Sacraments speak a language and disclose their power through symbols. Beyond ‘representing’ another reality, sacramental symbols are intimately connected with the reality they express and sources of joy, solace, confrontation, peace, healing, strength, and life-giving sustenance to the initiated.In its Constitution on the Sacred Liturgy, the Council the Second Vatican Council (1962-1965) urged that sacramental symbols be more transparent to their sacred reality to disclose the reality of the Christ event —the life, death and resurrection of Jesus Christ—so that mystery, and not confusion, could flourish.The seven sacraments – Baptism, Confirmation, Eucharist, Penance, Marriage, Orders and the Anointing of the Sick - reveal a link to social justice. The contributors to this book are theologians with pastoral sensitivities—including marrieds, parents, pastors and priests. This present work the social implications of worship, the history of each sacrament, and but also an integrated understanding of the transformation that is inextricably linked to each sacrament, as well as the active presence of Christ who lives in expectation of our response to participate in the urgent response to unjust policies and systems that affect the most vulnerable in our global family.
The Word of God at the Mercy of the Body
Why, from its very beginnings, has the Church celebrated the sacraments, in particular baptism and Eucharist? Why, from its origin, has faith in Christ, which is expressed in a human, free, just, loving way of living, ruled by thegospel, also been expressed in the language of rites?
The Sacraments by Louis-Marie Chauvet offers reflections on the theology, celebration, and pastoral usage of the sacraments. It is a textbook version of Chauvet's, Symbol and Sacrament published by TheLiturgical Press in 1995 that was acclaimed by theologians as offering a fresh theology of the sacraments from a perspective other than scholastic theology.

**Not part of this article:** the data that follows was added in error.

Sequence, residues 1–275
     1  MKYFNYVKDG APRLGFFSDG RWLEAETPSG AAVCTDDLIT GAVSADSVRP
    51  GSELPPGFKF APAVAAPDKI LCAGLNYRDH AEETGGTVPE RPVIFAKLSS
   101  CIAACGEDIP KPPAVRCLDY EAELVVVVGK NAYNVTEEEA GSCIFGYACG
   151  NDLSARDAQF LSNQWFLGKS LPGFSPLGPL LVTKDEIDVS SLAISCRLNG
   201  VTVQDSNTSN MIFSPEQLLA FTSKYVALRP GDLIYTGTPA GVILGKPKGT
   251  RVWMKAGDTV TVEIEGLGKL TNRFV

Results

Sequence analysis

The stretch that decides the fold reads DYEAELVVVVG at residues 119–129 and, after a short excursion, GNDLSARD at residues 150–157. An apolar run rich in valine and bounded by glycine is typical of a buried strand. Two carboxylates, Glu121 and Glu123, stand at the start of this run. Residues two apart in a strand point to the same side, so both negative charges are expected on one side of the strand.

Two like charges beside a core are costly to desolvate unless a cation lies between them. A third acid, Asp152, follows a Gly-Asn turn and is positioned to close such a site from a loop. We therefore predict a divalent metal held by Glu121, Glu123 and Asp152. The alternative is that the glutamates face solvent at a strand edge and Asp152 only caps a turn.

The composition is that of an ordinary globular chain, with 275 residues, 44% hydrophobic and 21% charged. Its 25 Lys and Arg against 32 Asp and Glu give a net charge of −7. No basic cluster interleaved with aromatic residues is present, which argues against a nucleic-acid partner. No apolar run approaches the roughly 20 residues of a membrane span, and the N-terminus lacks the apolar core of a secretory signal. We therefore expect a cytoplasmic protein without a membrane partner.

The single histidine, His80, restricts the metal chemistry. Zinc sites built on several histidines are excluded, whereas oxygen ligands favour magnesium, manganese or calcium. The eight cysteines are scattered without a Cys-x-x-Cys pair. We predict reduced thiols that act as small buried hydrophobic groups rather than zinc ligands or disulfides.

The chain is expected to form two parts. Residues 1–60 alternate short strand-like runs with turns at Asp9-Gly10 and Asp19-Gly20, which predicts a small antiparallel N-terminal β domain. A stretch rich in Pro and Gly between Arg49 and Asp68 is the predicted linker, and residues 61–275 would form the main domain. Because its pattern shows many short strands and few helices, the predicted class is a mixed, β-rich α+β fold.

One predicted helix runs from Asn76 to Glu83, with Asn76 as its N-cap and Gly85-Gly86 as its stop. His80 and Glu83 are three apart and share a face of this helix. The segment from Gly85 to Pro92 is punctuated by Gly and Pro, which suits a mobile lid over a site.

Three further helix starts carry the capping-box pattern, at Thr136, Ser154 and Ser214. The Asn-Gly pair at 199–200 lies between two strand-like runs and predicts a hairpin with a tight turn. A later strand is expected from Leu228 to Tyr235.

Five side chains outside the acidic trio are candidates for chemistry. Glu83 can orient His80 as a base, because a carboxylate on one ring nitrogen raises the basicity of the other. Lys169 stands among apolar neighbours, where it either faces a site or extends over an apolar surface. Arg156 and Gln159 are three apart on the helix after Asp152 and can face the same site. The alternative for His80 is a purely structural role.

Fr. Louis-Marie Chauvet is a professor of sacramental theology at the Institut Catholique, Paris. He has published numerous works and is the author of Symbol andSacrament also published by The LiturgicalPress.
From epigraphical, archaeological, and literary evidence Jon D. Mikalson has here assembled all relevant data concerning the dates of Athenian festivals, religious ceremonies, and legislative assemblies. This information has been used to revise and update our knowledge of the calendar as it reflects Athenian life.
The facts and conclusions that emerge from the author's analysis correct some earlier assumptions. He brings to light new information concerning the meeting days of the Athenian Assembly and the Council, and establishes the days of the monthly festivals. Annual festivals are either dated exactly or fixed within closer time limits. The result of the author's rigorous approach is a collection of reliable evidence as to what religious and secular activities occurred on specific days of the Athenian year.
Originally published in 1976.